Ever wondered what the oldest appearance of a person is? It would be incredible to see a photograph of one our forefathers. This is not a photograph, but a 3D model of the oldest human facial features. Archaeologists discovered the face of a human (or woman) during an excavation in Brassempouy in France, which was the late stone age. Some of the names it has received include Venus of Brassempouy or Lady of Brassempouy.
Édouard Piette, a French archaeologist, unearthed the Venus of Brassempouy. Researchers claim that the face of the woman was carved in mammothic ivory. It is 3.65 cm high, 1.9 cm wide, and over 2 cm deep. It is thought to be a 25,000 year-old artifact, the oldest known human description and has a forehead, nose and head, but no mouth.
The sides and top of Egyptian-style braids are trimmed. Carver has added realistic facial details making it a unique work of art. Unfortunately, the rest her body was destroyed by time.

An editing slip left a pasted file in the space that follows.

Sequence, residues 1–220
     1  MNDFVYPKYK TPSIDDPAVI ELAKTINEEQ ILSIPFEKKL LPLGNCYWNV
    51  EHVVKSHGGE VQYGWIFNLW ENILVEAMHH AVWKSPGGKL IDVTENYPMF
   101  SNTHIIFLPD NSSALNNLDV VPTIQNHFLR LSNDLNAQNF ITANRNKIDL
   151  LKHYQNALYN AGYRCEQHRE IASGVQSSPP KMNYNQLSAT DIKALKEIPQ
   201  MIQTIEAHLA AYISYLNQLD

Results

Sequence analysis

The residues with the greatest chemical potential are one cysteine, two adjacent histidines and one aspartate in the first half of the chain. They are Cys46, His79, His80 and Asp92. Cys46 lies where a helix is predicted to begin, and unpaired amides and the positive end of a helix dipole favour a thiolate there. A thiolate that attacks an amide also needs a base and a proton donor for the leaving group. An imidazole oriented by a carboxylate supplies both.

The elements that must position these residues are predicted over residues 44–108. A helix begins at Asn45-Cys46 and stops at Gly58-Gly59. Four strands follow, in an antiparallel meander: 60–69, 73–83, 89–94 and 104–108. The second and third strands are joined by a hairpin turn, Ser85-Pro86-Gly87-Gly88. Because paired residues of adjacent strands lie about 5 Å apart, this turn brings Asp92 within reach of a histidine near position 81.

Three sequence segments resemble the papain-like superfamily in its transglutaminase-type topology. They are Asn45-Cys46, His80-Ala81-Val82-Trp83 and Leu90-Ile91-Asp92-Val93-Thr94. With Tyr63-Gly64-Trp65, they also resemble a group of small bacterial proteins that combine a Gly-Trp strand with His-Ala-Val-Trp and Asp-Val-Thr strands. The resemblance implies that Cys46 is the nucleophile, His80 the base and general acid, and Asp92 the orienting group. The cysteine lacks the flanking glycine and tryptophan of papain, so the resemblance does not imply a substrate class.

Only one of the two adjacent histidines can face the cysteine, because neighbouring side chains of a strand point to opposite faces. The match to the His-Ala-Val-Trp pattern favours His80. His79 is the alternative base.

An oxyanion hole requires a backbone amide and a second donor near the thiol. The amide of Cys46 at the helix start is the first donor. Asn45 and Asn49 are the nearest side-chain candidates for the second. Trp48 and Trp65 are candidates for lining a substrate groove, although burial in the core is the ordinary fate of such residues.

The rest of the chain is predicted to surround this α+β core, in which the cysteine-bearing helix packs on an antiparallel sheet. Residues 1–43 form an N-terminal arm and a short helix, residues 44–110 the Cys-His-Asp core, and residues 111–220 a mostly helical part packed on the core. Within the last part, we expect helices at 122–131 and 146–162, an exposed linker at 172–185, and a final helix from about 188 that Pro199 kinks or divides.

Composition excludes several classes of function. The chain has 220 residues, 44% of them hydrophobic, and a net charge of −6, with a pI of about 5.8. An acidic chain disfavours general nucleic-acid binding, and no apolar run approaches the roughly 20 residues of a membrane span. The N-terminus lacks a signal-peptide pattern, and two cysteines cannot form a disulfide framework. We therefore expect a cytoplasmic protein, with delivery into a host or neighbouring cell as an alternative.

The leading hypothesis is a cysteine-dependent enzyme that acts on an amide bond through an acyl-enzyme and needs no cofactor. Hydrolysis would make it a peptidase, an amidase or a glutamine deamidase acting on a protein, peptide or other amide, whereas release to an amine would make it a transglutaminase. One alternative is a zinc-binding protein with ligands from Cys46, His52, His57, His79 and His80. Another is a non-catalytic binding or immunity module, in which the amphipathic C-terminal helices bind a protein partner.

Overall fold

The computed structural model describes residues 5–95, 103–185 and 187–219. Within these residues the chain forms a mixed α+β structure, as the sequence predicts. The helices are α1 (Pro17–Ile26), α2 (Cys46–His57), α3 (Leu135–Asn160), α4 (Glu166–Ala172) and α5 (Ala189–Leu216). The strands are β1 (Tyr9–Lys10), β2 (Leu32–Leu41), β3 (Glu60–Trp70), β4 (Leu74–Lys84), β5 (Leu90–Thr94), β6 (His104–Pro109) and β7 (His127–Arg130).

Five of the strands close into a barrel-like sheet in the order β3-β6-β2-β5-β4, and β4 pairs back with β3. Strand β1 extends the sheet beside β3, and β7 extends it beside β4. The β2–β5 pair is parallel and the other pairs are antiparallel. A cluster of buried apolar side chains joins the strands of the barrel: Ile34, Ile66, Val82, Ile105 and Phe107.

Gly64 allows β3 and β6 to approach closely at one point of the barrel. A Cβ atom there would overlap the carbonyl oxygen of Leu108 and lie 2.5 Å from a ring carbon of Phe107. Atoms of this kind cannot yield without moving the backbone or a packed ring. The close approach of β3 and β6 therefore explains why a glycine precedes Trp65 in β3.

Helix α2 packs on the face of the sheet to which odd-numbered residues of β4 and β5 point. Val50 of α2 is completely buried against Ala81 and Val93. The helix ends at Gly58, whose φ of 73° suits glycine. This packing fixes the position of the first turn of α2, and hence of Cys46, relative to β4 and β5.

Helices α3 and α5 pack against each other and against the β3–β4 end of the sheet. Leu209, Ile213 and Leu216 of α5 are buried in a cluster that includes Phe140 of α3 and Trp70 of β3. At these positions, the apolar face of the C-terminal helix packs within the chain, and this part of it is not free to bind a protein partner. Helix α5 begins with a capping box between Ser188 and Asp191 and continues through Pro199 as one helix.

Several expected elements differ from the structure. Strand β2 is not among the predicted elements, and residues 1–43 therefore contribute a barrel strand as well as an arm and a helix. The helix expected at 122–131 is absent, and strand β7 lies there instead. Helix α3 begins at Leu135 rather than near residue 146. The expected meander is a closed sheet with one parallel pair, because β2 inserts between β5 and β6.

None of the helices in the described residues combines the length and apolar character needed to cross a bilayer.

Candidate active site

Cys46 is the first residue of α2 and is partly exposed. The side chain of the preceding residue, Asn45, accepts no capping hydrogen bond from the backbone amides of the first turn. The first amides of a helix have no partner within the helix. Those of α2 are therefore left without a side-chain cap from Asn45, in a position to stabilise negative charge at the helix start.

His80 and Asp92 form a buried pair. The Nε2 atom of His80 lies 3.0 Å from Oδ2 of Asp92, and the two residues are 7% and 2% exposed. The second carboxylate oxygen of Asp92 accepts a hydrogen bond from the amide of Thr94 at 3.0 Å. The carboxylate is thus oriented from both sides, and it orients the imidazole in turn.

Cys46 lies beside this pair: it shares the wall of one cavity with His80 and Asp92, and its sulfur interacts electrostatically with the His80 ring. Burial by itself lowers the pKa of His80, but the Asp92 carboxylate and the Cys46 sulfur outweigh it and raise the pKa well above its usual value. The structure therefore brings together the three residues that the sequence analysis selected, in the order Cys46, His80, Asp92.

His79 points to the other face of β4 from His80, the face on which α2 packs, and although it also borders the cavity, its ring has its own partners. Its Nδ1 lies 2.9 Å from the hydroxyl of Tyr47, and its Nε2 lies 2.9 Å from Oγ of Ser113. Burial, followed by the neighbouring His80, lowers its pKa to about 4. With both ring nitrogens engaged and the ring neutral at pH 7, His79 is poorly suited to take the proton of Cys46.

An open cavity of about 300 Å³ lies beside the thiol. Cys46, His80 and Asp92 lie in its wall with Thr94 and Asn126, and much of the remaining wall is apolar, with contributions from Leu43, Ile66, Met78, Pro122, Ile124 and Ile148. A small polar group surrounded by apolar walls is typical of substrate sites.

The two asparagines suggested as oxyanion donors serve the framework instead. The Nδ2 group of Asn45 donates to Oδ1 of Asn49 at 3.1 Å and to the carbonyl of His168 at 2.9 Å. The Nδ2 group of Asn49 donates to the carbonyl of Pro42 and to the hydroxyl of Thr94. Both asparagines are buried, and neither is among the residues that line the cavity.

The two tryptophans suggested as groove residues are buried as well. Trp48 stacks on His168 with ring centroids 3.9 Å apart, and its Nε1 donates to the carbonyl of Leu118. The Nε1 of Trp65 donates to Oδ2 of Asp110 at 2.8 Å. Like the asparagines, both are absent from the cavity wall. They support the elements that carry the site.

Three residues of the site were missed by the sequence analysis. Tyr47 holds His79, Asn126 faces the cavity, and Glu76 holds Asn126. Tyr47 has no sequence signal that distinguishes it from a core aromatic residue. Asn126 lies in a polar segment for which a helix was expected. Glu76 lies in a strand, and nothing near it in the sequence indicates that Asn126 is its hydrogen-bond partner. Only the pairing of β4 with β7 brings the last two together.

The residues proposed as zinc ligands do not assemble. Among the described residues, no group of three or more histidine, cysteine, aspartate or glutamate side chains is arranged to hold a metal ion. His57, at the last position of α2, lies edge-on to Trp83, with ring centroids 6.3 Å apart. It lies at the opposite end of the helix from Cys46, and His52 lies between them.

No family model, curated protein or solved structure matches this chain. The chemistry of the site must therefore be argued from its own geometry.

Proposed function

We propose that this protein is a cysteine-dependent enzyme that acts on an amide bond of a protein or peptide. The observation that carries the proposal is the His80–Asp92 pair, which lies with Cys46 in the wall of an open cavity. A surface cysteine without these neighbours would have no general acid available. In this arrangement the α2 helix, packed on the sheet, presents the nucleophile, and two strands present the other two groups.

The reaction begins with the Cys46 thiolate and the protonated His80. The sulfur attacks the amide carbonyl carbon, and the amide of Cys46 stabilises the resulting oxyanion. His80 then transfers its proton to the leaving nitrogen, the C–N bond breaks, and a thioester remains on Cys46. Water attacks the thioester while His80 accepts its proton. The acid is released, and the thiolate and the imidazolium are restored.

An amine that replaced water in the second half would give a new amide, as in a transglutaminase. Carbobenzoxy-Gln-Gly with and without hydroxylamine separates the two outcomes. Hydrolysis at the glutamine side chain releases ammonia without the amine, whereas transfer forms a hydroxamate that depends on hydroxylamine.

Venus of Brassempouy, dated around 23000 BC, is from the Gravettian period of Upper Paleolithic age, the last part of Stone Age.
Other Venus figurines (Upper Palaeolithic statuettes) were made simultaneously with Venus in Doln Vestonice, Venus in Willendorf (Austria), Venus at Lespugue (France), Venus at Savignano and Venus bas-relief of Laussel (France).
The Venus of Brassempouy collection is housed at a lovely museum in Saint-Germain-en-Laye, near Paris, called the National Archaeological Museum, and is generally only open to the public during short Stone Age art shows.
The House of Ladies in Brassempouy has the replica, along with replicas of other figurines found at Grotte du Père, as well other well-known Paleolithic artifacts and culture such as the Venus of Willendorf or Lespugue.